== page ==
So, Simon Armitage…

So, Simon Armitage is to become the next Poet Laureate. A Yorkshireman following in the footsteps of Ted Hughes and Alfred Austin (who?!); the three Laureates since Wordsworth (a Cumbrian, obviously) to hail from the county. Well that's the next ten years taken up, then. Which means they should be short-listing in about eight or... Continue Reading →

Free book offer

I would like to offer a free ebook copy of my collection of short stories "Secrets & Wisdom". Unfortunately I cannot embed an ebook file into the site, only a pdf which is not great. But the offer stands. So if you would like a copy of "Secrets & Wisdom" please let me have an... Continue Reading →

“Philip Larkin: Poems” selected by Martin Amis

Larkin's one of those poets who divides opinion. I wonder how much of it is because of that famous line about "your mum and dad"..? The way he doesn't shy away from 'the vernacular'..? The thing that strikes me most about him though - so ably illustrated in Amis' selection - is how he can... Continue Reading →

“The Only Story”

I really like Julian Barnes. He's one of those authors - like Haruki Murakami - who I just do. We all have them, don't we? Whether it's Austen, Swift (Graham, in my case) or Grisham (not in my case!), it doesn't really matter. "The Only Story" is another super effort from Barnes. Typically low-key, happy/sad,... Continue Reading →

Vocal | Chords

Vocal | Chords I want a voice of my own. | A rasp like Dylan’s -| two bars, you know it’s him. | A voice is not what you say | but how you say it; | Dylan could wring agonies | from Mary and her little lamb. | And don’t get me started |... Continue Reading →

At some point it becomes serious…

I don't believe you can set out to write a book. Not really. And I suspect many people who set out to do so in a conscious, act-of-will kind of way, are deluding themselves, and are either unlikely to complete the task or in doing so produce something sub-standard. Setting out in this premeditated way... Continue Reading →

The language of stream of consciousness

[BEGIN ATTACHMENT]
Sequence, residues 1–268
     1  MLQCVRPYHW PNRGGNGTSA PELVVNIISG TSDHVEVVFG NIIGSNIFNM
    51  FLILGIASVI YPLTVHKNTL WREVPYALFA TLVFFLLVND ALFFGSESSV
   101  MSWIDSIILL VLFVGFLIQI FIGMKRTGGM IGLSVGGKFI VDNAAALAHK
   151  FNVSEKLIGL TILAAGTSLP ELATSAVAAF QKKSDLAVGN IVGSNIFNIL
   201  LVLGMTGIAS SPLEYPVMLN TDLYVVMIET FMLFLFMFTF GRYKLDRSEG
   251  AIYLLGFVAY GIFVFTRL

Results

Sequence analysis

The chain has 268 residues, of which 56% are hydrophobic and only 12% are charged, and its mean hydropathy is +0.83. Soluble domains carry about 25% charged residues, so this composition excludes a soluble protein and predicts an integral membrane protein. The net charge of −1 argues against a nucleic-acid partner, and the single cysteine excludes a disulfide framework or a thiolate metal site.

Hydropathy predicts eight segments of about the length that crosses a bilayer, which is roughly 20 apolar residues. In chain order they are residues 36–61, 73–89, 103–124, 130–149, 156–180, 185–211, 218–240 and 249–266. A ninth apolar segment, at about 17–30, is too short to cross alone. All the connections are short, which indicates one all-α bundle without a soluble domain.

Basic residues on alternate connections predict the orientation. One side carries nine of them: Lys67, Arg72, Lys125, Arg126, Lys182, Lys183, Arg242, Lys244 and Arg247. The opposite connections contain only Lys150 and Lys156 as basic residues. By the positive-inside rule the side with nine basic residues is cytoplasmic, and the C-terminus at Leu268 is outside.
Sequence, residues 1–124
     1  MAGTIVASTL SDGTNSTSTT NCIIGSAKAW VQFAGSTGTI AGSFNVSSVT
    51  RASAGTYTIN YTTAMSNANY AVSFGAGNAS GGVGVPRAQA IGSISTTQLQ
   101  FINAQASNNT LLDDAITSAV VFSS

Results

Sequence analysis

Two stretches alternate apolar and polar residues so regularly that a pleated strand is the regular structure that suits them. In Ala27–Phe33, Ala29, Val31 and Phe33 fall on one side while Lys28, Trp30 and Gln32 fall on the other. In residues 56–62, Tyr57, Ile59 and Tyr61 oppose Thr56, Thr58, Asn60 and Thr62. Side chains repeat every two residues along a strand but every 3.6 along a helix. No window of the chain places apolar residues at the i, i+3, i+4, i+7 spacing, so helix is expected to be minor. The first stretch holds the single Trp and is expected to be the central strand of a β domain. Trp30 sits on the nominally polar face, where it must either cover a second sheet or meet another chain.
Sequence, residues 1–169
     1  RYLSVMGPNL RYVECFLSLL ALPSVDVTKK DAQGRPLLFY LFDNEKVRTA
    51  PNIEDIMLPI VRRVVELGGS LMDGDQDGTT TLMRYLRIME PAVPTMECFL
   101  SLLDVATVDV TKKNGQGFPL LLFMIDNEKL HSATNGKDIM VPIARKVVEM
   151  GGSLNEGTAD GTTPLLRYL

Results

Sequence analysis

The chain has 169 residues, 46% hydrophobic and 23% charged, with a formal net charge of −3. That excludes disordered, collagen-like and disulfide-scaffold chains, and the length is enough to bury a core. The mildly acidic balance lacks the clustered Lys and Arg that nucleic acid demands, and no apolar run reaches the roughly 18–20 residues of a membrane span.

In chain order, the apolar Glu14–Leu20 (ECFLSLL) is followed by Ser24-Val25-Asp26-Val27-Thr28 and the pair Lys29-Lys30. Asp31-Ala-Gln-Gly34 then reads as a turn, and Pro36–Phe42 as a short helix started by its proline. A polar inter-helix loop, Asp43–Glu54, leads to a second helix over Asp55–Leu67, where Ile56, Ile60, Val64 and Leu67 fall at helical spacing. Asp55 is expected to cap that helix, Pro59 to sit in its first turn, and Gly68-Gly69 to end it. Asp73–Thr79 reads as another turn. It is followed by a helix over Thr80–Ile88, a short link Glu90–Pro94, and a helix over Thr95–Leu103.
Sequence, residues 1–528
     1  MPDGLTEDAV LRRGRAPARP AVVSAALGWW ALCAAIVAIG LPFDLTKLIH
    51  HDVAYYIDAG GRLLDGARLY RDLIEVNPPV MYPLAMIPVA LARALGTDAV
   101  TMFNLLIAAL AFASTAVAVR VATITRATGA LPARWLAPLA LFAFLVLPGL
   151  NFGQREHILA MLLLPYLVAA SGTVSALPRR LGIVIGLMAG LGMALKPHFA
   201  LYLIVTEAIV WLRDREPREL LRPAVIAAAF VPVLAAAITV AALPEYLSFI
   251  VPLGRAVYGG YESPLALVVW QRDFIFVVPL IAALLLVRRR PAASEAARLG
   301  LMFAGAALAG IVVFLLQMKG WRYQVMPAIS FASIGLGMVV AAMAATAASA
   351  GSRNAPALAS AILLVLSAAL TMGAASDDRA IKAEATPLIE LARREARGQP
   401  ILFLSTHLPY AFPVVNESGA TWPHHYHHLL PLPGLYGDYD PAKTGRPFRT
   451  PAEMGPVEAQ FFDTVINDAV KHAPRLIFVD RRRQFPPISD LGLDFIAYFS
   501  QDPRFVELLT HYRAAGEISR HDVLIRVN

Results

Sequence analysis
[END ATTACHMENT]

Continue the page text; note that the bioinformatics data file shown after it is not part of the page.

Has it ever occurred to you that stream of consciousness writing has an intimate language dependency - even if it's written in your first language? Obvious really. I have just started reading Jack Kerouac's "Visions of Cody" which, the blurb said, was an 'experimental' novel written largely in the manner of stream of consciousness. Fair... Continue Reading →

Curtain

Curtain   between the valley and the peak a slab of light sliding through the clouds flickers like a scrap of confetti easily slipped into stillness   breathing hard through an open smile his eyes see with specific literacy ancient waterfalls carving in slow motion a ribbon of majestic beauty one side of a mortal... Continue Reading →

“Turning for Home”

It is difficult for a man to write in the first person as a woman - I know, I've tried. And I it's difficult the other way round, too; I've certainly read female writers who have tried to be a man and failed - badly. But Barney Norris succeeds. Not only that, in his "Turning... Continue Reading →

Always asking questions…

This evening was the fourth meeting of the new Stanza group which I have been facilitating just outside Derby in the UK. A Stanza is a gathering of members of the Poetry Society who meet - usually monthly - to 'do' poetry, one way or another. For our group, it is the opportunity for its... Continue Reading →